Common name: Water Starwort
Scientific name: Callitriche
Family: Callitrichaceae (water starwort)
Habitat: vernal pools, wet areas
Size: Clusters of floating leaves are 1.0 to 1.5 cm across.
Fun facts: Water Starwort is water pollinated. It also buries its seeds in the drying mud.
Description: Member of the water starwort family. The plants are rooted in the vernal pool bottom and have long, stringy stems which end in a cluster of floating leaves. The flowers are tiny (up to 1 mm across) and are seldom seen. Flowers occur down where the leaf meets the stem.
Other species of Callitriche may occur at Mather Field in the wetlands and along drainage channels, but Callitriche marginata is the only species which occurs regularly in vernal pools.
Life cycle: Water Starwort is an annual. It germinates in wet areas soon after the rains begin in the fall. As the vernal pools fill, the stems get very long so that the leaves can float on the surface of the water. As the water evaporates, the floating leaves drift around because their stems are now longer than the distance between the water surface and the soil.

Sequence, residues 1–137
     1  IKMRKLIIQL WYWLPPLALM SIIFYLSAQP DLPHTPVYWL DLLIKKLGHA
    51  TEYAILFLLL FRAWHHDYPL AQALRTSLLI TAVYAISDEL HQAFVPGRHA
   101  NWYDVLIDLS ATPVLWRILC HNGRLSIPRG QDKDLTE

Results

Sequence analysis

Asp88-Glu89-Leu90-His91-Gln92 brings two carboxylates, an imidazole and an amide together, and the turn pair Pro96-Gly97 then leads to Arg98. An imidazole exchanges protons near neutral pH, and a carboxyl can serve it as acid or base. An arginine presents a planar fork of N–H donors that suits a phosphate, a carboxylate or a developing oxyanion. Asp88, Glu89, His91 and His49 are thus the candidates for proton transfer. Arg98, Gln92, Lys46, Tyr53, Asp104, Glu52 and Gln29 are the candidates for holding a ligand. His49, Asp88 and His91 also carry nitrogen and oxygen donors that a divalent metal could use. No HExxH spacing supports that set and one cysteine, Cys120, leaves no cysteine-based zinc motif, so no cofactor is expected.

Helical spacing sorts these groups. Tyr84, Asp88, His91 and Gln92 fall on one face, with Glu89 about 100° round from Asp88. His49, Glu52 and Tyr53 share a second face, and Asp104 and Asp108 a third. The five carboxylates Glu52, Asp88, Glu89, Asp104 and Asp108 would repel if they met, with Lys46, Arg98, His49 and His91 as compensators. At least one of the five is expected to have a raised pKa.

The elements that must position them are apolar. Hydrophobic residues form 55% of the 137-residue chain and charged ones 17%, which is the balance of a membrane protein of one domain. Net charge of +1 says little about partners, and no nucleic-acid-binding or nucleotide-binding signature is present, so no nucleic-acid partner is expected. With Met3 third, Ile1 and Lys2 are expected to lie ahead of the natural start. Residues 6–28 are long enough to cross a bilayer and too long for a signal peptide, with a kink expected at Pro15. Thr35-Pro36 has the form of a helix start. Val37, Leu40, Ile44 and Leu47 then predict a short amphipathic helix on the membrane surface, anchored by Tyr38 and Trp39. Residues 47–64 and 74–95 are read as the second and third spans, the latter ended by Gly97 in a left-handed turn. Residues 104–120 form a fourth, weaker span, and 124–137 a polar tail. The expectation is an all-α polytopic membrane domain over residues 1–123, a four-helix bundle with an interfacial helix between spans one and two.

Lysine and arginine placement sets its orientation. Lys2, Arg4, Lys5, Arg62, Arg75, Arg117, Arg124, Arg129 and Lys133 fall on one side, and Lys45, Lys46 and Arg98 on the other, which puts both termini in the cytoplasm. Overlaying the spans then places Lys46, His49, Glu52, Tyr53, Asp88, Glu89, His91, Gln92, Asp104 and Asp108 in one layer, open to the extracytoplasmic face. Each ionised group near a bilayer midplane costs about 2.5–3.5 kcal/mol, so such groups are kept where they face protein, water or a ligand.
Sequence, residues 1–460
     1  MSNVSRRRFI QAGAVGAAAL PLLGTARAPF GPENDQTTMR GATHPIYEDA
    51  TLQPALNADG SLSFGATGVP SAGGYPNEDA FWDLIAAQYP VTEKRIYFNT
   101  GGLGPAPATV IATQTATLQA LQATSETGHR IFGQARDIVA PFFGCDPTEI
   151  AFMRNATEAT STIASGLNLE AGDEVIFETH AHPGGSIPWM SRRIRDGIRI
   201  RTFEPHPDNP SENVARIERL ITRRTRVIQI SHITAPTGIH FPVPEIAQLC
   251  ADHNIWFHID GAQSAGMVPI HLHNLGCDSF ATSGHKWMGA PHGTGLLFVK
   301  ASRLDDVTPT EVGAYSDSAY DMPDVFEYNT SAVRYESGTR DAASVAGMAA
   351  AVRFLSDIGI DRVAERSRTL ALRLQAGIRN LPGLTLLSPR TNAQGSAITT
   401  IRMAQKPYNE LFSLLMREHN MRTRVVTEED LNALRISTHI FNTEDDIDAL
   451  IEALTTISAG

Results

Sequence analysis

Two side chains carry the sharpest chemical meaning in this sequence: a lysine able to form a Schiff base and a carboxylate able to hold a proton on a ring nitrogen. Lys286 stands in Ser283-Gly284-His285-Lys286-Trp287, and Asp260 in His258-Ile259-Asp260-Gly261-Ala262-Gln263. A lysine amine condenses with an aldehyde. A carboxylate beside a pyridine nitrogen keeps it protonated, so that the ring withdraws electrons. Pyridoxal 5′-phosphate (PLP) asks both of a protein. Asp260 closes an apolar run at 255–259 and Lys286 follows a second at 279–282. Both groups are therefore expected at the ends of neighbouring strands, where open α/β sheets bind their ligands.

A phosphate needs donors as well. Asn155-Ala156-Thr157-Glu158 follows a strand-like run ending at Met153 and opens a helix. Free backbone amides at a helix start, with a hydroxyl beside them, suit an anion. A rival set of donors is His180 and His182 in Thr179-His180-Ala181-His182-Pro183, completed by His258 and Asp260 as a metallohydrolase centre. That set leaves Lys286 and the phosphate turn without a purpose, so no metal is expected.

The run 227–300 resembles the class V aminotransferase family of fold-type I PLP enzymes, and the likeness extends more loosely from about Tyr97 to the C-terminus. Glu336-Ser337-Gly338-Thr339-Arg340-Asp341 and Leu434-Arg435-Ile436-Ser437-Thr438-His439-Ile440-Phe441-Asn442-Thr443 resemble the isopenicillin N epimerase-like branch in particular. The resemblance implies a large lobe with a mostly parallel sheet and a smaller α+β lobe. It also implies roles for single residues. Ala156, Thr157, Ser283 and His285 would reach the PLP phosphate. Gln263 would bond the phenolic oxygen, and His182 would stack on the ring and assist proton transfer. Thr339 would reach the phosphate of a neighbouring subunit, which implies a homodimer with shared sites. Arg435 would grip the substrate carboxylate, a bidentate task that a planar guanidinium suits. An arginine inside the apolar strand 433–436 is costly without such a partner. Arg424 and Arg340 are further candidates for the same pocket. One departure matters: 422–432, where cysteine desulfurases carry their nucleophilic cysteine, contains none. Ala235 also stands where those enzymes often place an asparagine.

Ecology: Water Starwort flowers shed pollen on the surface of the water where the wind and water’s surface tension carry it to other Water Starwort flowers for cross-pollination.
As soon as the water evaporates, the Water Starwort plants its seeds in the drying mud. To do this the stems below the ovaries grow very quickly and push them into the soil. This guarantees that the next generation will have a suitably wet spot in which to grow.